A 73-year-old woman had a past medical history of multivessel coronary artery disease found on preoperative evaluation 3 years prior to presentation. The patient underwent 2 vessel CABG for stable ischemic heart disease in 2018 (LIMA-LAD, SVG-OM1). The patient was found to have ischemic cardiomyopathy, ejection fraction of 30% to 35% despite revascularization, and an implantable cardiac defibrillator (ICD), implanted for primary prevention at that time. Three years following un-complicated CABG, the patient presented with angina and sustained ventricular tachycardia, with unsuccessful ICD therapy. A 12-lead electrocardiogram was unavailable because of the hemodynamically unstable wide complex tachycardia, which was consistent with ventricular tachycardia seen on telemetry. The patient was converted to sinus rhythm with manual anti-tachycardia pacing at bedside. After stabilizing the patient’s ventricular tachycardia, further investigation was spent on the etiology of the angina on presentation and the sustained ventricular tachycardia. Ischemia was thought to be the driving factor, and the patient underwent cardiac catheterization for further assessment of her bypass grafts and coronary anatomy (Figures 1, 2).
The dilemma of whether to revascularize the subclavian artery or the native LAD was considered (Table 1). Given the risk of a close proximity of the subclavian plaque with the possibility of plaque migration, as well as the acute presentation, intervention of the native LAD 80% lesion was done with placement of a 2.75×16-mm drug-eluting stent. The patient’s immediate course after the procedure was uncomplicated, with resolution of the ventricular tachycardia. The patient was followed by the Cardiology Department in the outpatient setting for monitoring of medical therapy and clinical response to native LAD intervention.
The comparison of the revascularization of the subclavian artery versus revascularization of the native LAD is shown in Table 1, which is the main lesson from this challenging case. At our institution, the subclavian artery is routinely assessed for stenosis prior to CABG; however, this varies by surgeon preference. The American College of Cardiology and American Heart Association have not released guidelines on the management of CSSS. The European Society of Cardiology 2017 guidelines recommend endovascular revascularization in symptomatic patients at a class I, evidence C level . In patients for whom the ostium of vertebral arteries and IMA is in close proximity to subclavian artery stenosis and plaque migration is a concern, there remains an option for surgical revascularization . Plaque migration and embolization of contents can be devastating, with vertebral embolization resulting in posterior circulation stroke, and IMA embolization resulting in graft closure or myocardial infarction [8,9]. Medical therapy following intervention regardless of approach must be focused on management of cardiovascular comorbidities to prevent further disease progression.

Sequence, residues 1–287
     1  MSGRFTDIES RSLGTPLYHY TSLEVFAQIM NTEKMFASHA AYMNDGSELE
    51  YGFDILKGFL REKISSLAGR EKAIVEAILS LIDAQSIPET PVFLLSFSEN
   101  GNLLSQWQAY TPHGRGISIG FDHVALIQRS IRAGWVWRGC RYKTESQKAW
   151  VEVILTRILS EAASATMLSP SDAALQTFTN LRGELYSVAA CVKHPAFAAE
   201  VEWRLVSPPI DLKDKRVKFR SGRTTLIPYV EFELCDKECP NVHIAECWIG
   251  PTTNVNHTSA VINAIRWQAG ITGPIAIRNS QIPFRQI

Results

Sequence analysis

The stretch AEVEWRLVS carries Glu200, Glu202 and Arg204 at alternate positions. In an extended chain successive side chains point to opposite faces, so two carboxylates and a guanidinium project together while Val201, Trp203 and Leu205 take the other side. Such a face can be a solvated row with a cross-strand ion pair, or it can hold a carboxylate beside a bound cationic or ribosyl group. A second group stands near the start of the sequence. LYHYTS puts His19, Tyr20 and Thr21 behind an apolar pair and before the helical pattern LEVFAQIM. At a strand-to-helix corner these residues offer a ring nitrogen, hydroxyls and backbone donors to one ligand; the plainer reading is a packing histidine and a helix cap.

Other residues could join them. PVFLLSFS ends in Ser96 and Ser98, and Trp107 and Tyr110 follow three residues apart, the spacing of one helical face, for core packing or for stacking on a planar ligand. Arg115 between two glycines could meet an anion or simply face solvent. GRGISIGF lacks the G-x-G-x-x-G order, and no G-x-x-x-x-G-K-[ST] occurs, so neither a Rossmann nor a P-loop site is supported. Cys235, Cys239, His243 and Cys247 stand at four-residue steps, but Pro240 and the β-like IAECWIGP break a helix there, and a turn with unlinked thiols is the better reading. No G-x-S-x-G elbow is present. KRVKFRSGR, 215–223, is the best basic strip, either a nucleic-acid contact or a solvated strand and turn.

After careful consideration of the patient’s native coronary anatomy and steal physiology, close proximity of the subclavian plaque with concerns of plaque migration, and acute presentation, the intervention of the native LAD 80% lesion was done with placement of a 2.75×16-mm drug-eluting stent. The patient’s immediate course after the procedure was uncomplicated, with no further episodes of chest pain or ventricular tachycardia. The patient was followed by the Cardiology Department in the outpatient setting for monitoring and to discuss staged subclavian artery intervention in the near future.
This report has shown that in patients who present with symptoms of acute coronary syndrome and a history of CABG involving the LIMA, the possibility of CSSS should be considered and investigated by coronary artery imaging so that diagnosis and management are not delayed. Medical therapy of comorbidities is crucial in these patients to minimize risk of disease progression.
FiguresFigure 1.. Right anterior oblique cranial view angiogram demonstrating high degree stenosis of the mid left anterior descending artery (red arrow) and reversal of flow through the left anterior descending artery and left internal mammary artery bypass graft (black arrow). Figure 2.. Right anterior oblique angiogram of the patient’s left subclavian artery demonstrating high-grade stenosis proximal to the patient’s left internal mammary artery (LIMA) bypass graft (red arrow). There is competitive flow within the LIMA, indicating flow reversal (black arrow).